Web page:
Despite fears of another international ballistic missile attach from its northern neighbor, South Korea is in no hurry to set up an advanced missile defense system designed to protect its shores from North Korean aggression.
Pending a full review, further installation of the $923 million Terminal High Altitude Area Defense, or THAAD, was suspended by South Korean President Moon Jae-in, in June. China, who vehemently opposes the technology, welcomed the move. And Seoul isn’t expected to shift its stance even as Kim Jong-un’s regime threatens “merciless blows” to its enemies.
Jenna Gibson, director of communications at the Korea Economic Institute of America, wrote in a note published this week by the Center for Strategic and International Studies, it’s because the American hardware carries emotional political baggage for South Koreans. “THAAD is not about China, or even the U.S. — it is about scandal-ridden former President Park Geun-hye.”
the note explained that South Korea’s core issue with THAAD is the fact that THAAD was initiated by Park — the country’s first democratically elected leader to be ousted from office via impeachment.
Once news broke of Park’s role in a multi-million dollar corruption scandal last year, her image was greatly scarred.
According to Gibson, while she was still in office to prevent her successor from reversing the decision, Park hurried through the deployment of THAAD’s initial two missile launchers, many believe.
Earlier this year, the initial stages of THAAD deployment took place in South Korea. When the U.S. shot down a simulated ballistic missile, the system, paid for by Washington, was tested last month. However, a May poll revealed that the majority of South Koreans oppose sudden THAAD deployment.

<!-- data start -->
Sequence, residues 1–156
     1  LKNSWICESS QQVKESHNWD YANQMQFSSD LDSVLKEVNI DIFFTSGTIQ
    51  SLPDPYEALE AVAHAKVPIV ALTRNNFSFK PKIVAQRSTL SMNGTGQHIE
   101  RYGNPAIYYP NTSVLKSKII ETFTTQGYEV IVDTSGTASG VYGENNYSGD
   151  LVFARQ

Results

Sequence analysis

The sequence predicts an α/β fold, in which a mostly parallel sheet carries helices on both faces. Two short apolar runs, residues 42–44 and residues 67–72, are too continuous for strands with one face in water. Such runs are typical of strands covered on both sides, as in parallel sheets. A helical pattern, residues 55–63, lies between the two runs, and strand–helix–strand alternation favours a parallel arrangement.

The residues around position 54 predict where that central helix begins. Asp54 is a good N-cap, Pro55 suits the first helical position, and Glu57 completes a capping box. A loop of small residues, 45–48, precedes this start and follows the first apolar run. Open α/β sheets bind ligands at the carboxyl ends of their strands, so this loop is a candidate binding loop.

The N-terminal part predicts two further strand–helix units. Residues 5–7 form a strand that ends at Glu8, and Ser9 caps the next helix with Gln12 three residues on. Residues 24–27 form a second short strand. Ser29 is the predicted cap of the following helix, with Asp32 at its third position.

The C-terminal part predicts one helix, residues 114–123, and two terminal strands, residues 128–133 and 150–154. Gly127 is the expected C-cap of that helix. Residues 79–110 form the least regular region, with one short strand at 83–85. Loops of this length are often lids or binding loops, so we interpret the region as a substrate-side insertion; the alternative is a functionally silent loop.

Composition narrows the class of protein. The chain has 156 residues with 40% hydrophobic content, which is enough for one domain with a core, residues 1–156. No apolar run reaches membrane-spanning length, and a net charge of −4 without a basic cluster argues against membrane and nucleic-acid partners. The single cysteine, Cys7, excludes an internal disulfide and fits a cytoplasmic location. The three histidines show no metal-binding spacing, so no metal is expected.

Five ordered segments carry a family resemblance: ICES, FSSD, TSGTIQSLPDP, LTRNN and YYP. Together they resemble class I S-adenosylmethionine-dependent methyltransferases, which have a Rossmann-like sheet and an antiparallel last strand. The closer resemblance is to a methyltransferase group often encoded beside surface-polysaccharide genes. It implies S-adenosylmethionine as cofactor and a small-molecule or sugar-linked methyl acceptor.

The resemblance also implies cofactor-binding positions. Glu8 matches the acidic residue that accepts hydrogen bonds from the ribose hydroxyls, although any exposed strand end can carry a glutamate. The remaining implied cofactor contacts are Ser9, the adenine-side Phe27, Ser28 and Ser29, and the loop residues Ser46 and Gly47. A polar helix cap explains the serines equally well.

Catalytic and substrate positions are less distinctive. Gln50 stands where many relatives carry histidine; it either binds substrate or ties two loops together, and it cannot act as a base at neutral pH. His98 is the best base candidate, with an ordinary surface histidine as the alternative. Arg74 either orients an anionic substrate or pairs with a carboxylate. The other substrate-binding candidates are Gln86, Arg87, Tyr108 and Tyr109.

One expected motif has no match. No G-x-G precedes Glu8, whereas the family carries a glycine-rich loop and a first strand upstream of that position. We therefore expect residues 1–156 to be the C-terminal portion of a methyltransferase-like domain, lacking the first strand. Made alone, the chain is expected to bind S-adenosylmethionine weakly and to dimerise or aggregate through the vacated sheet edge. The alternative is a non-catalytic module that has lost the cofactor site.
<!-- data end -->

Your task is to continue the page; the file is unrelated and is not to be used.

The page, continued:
“Demand for democracy is particularly high because of the candlelight revolution, and demand for democratic procedural legitimacy for the THAAD deployment is, therefore, high,” Moon told the U.S. Congress earlier this month during a visit to Washington.
His demand for a probe wasn’t a reversal of deployment plans, reassured the former human rights lawyer, who also reportedly questioned THAAD during his election campaign.
In a realization that triggered an official probe into the entire system, the president discovered that four additional THAAD missile launchers were installed without his knowledge in May.
“These procedural issues, along with the fact that a full environmental review of the deployment area was not previously conducted, raised concerns among the Korean public,” Gibson said.
Even as Washington has long pressed for swift missile defense implementation, that situation is a red flag for Washington.
“I’m troubled by the fact that it is now going to be resubmitted for political debate in the Republic of Korea as to whether or not they will accept our $923 million investment in missile defense for their country,” U.S. Sen. Dick Durbin said in a June 7 hearing. “I can’t follow their logic here.”
(Adapted from CNBC)